Creating The Right Work Culture

Evie Boustantzi gives an insight into the enablers that can help improve the workplace culture
Evie Boustantzi | UAE | Facilities Management

When was the last time you had a “wow moment”, a deeply satisfying and memorable experience as a customer? One that you still share with friends and family at every given opportunity and use as the benchmark against which you measure all service interactions. A reverberating question tickling your mind, again and again, “how do they do it?”

When things go wrong in service, we are quick to point at the lack of staff training, language barriers, rude or disinterested employees, management ignorance, or apathy. And we may be right in our selection -in more cases than not- albeit slightly shortsighted as we need to zoom out and look at the business more holistically.

What is it that needs a complete overhaul so that we transform our way towards creating brilliance? They say that “culture eats strategy for breakfast” and it is massively underrated. At the same time, creating the right culture is neither an easy task nor a quick fix or a standalone panacea that will abruptly solve all problems. It must be underpinned by the right enablers that will ensure full workforce alignment, consistency across the business, and long-term viability. Let’s visit those enablers briefly.

1. Leadership:

As a bare minimum, the leadership team ought to genuinely live and breathe the desired culture and values of the company. This is the one reference point the employees will always return to. Accordingly, they will either be inspired to be at their best behaviour mimicking the role-model leaders or demoralized and sarcastic because of leadership deviation from the values and customer promise.

2. Cultural framework:

This is the very basis of the culture we want to instill and brings together all the elements that help materialize it. The vision, purpose statement, values, definition of the desired culture, cultural behaviour, mechanisms, design, and implementation procedures. Ideally, the purpose statement is a team exercise, designed along with the employees, stimulating engagement while answering the question, “why are we here and why does it matter?” The values and desired cultural behaviour must be instilled across the ranks, and incorporated into the processes and tasks performed daily. As a result, a common, culture-driven service language will be spoken by every single person in the business. What does that look like in practice? When things go wrong with a customer, the employees know exactly how to behave based on the values and behaviours they represent. And they are empowered by the company to do so. Do take note of the empowerment element, as none of this will work in its’ absence.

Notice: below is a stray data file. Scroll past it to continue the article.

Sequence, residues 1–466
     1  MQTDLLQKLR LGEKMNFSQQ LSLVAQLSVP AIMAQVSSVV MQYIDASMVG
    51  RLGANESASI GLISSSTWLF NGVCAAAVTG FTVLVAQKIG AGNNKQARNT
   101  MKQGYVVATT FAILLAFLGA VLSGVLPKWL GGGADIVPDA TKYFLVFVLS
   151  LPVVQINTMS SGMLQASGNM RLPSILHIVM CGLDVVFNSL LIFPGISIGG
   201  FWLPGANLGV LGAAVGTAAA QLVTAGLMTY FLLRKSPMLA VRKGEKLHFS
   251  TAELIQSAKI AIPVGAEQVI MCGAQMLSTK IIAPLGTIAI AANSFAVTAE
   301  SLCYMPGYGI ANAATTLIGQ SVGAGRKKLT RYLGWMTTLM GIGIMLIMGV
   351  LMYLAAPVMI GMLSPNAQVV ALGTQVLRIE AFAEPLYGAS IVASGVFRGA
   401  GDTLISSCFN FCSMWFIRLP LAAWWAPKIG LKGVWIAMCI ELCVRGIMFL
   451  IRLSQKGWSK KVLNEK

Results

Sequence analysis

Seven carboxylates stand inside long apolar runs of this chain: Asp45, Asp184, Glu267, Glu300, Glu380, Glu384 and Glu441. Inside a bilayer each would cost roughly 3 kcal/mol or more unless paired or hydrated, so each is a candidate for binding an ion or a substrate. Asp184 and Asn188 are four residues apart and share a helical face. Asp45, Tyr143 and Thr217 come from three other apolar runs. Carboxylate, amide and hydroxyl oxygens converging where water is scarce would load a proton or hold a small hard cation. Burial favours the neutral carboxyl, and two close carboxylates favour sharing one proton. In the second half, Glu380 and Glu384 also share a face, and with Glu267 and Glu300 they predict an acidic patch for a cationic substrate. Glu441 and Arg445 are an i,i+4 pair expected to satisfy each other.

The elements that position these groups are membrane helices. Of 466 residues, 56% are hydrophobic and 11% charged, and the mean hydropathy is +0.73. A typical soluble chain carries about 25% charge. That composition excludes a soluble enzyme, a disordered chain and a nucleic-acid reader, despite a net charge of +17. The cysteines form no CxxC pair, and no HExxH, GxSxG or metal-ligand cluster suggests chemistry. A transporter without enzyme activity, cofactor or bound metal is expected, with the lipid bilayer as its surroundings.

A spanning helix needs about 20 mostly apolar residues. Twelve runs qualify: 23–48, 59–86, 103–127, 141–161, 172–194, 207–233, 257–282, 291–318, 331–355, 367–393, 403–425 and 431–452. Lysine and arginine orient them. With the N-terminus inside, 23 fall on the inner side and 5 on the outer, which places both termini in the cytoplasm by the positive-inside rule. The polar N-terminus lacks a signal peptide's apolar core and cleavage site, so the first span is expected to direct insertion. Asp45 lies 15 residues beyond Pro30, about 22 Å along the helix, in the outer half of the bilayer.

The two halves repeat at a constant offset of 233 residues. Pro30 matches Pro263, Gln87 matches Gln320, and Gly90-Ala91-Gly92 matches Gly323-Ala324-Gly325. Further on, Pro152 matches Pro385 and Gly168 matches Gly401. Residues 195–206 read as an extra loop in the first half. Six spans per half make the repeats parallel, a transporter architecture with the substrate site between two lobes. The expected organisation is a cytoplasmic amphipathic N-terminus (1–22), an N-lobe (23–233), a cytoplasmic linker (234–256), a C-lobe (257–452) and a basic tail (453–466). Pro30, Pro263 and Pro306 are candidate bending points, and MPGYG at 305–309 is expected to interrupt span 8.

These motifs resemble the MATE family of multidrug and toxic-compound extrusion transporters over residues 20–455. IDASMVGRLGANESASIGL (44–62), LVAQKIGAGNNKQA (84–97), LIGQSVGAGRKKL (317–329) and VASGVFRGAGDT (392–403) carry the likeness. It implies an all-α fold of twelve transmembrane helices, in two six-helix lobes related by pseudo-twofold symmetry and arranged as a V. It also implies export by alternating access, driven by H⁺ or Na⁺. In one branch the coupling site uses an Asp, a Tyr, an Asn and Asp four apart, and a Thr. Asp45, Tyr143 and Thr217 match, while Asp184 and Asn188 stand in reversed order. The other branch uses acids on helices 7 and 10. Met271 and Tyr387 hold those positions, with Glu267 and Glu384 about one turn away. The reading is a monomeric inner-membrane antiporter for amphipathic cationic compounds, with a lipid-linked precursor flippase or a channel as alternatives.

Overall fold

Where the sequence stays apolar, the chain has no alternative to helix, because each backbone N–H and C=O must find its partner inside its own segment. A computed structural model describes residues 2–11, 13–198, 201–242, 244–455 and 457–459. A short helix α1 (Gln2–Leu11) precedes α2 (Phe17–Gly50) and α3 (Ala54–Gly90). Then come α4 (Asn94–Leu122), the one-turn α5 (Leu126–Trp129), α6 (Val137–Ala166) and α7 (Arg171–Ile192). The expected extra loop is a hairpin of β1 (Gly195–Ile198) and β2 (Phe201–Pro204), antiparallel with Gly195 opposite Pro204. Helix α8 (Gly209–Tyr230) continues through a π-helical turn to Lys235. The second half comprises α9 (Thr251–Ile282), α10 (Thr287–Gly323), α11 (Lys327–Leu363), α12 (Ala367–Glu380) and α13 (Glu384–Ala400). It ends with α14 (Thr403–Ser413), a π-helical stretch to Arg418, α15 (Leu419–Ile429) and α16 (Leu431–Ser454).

3. Performance system and employee development:

The employer-employee relationship is most effective when based on fairness and mutual benefit. A culture that smartly rewards performance goes a long way in engaging and motivating the workforce, who will embrace a performance system that drives ownership and creates value for the shareholders, business, and employees. Aligned to that, a learning and development system offers an opportunity to every single person in the business to unlock their potential, learn new skills, and grow.

4. New work reality:

We need to rethink our strategy when it comes to managing people. We are witnessing the biggest shift in the world of work, whereby the pandemic emphasized the desire for better work-life balance forcing us to re-evaluate what matters in life. Employers have been at the receiving end of a “great resignation” movement, from a “reborn” workforce that values flexibility and emotional engagement through a sense of purpose and belonging. They choose fulfilling work at a workplace where learning and growth needs are respected alongside well-being, especially in an era when we live and work much longer. Not all people are the same but also the same people have different needs and desires at different phases of their lives.

In short, be more creative, flexible, and actively listen to your people while keeping an eye on shifting practices in the marketplace. Retaining your best people and attracting top talent is contingent on the way you behave as an employer.

The process is ever-evolving, challenging, and with no end, but well worth the effort.

Do you need to improve your service? When talented people are unable to deliver results, it usually is the work environment that needs fixing. Engaged, motivated people can move mountains and will go the extra mile for you and your customers. Keep an open mind, assess the gaps between your current and desired culture, and bravely commence your transformation journey!

(The Author, Evie Boustantzi is a transformational leader and a well-known C-level Executive in the built environment. She is also the President of London Business School’s Gulf alumni community)